• Respect: Just look at the photo.  The posture, the closed lips, the separation in positioning.  Need I say more?

Next time someone asks you, “Where the brothers at?  Why aren’t they in Medicine?”  Please do not say because they are all playing sports or in prison.  That is not true!!!  There are plenty of young black men who are easily accessible, and who are just waiting for someone to mentor them.  It is my firm belief that we will not be able to increase the number of black men in the medical field until we can take the imagery which I have highlighted in this photo, and put it into practice.  What we need is the Presence of men with Seniority in the field of medicine, who are Similar to our young black men, and who can capture their Attention and in doing so gain their Respect.  This is my vision. It might not be the best one, but it is one.  And remember, where there is no vision, the people perish!

Mentor with us at www.DiverseMedicine.org!

3 thoughts on “Where The Brothers At? – Mentoring and Black Men Doctors

  1. Profile photo of Kwesi WilliamsKwesi Williams

    This article was amazing however I look at it in a different perspective. Out of those 850,000 prisoners how much of them are serving a life sentence? Now for those that will not be serving a life sentence where will they go once they get out of prison….right back into the black communities in which they came from. Now lets take a look at those brothers in medicine and in entertainment. Once they’ve signed there multimillion dollar contracts or graduate from medical school where will they live? You see thats the big problem in my opinion. Brothers that make money are not easily accessable. Infact most of them live in communities that are highly gaurded. The average brother in the ghetto barely making it is most likely to be mentored by the guy in which he can easily access. Sure there are neighborhood centers that may have guest speakers that will come and talk about different opportunities, but how much young brothers show up to these things especially when FPL has threatened to turn their lights off if they don’t pay the past due bill. I think we as blacks need to set up more black wall streets. Those brothers back then knew what it took to get the ball rolling. If you took all of those black entertainers and doctors out of the communities in which they live, moved them into perdominantly black communities, and opened up businesses in those communities in which they live then you can get the ball rolling. That way we won’t have to get shot or be sick to go to the hospital and meet a black doctor that can mentor us becuase Dr. Smith or Dr. Aduaka would live two houses down. Then you will have no problem asking the question…. “Where the brothers at?”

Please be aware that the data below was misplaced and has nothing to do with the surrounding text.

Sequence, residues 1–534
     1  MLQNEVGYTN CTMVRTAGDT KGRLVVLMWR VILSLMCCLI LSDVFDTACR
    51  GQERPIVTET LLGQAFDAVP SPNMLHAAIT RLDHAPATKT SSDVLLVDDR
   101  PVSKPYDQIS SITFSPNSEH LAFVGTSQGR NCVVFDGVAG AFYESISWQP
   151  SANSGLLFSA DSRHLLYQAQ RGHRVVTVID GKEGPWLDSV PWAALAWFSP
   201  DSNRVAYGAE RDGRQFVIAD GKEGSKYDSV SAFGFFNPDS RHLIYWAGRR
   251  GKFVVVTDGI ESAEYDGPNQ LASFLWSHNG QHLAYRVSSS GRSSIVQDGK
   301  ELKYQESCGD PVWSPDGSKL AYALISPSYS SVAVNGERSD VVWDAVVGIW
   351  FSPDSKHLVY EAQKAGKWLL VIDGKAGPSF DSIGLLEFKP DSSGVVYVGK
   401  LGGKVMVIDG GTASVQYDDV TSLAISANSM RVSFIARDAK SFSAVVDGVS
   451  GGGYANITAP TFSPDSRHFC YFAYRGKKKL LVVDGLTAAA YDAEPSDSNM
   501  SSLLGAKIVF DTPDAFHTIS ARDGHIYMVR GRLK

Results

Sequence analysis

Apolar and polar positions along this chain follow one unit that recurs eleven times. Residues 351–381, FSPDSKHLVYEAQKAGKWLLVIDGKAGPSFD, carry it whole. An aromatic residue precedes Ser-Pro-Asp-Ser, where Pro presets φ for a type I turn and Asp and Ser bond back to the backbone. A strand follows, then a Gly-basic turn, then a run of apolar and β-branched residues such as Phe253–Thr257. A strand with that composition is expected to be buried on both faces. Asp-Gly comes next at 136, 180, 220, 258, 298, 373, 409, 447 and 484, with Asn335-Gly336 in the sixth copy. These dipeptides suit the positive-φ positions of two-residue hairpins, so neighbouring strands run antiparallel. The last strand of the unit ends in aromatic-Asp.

1. Profile photo of Dr. DanielDr. Daniel

      Hello Kwesi. Your comment makes a lot of sense. Successful figures can make a huge impact in under-served and less privileged communities. However, I also can see how difficult this can be. I currently reside and serve in the poorest county in my state. We are comprised of over 60% minority (Blacks and Native Americans predominantly). Unfortunately, this county also carries the title of having the most crime in the state. We have a number of minority physicians and being a small community we all live in close proximity to one another. I actually live across from section 8 housing.

      I do enjoy serving in this community and find it very rewarding. My patients are amazing. Nonetheless, I can understand why those you mentioned above may be reluctant or refuse to reside in a place like this. There are many factors one has to consider. For one, it is difficult to find good schools and safe areas to raise children. Many of my patients are actually trying to leave the area themselves and sports/education are tools used to escape. Secondly, you or your family can easily be targeted. One of our most beloved black doctors in his 60s or 70s was held at gunpoint and robbed 2 years ago while leaving clinic. Another physician who worked at my clinic had her car broken into while in the parking lot. My pastor got robbed as well. All this to say there is little to no discrimination in crimes. Thirdly, many financially successful individuals want to enjoy their hard earned money yet it is not so easy to do so d/t few resources and avoiding too much attention.

      I do think your vision would be beautiful and I know it has been done before. A local, recently retired NFL athlete plays basketball with us and I see how much of an impact he has made on the youth. Unfortunately, medical doctors aren’t emulated to that degree among the youth but Churches and barbershops seem to be welcoming in these parts. I applaud the idea of bringing successful people to under-served areas in general but I am not quite sure how to overcome the many barriers that keep the lawyers, entrepreneurs, doctors, athletes, etc out of the these under-served communities.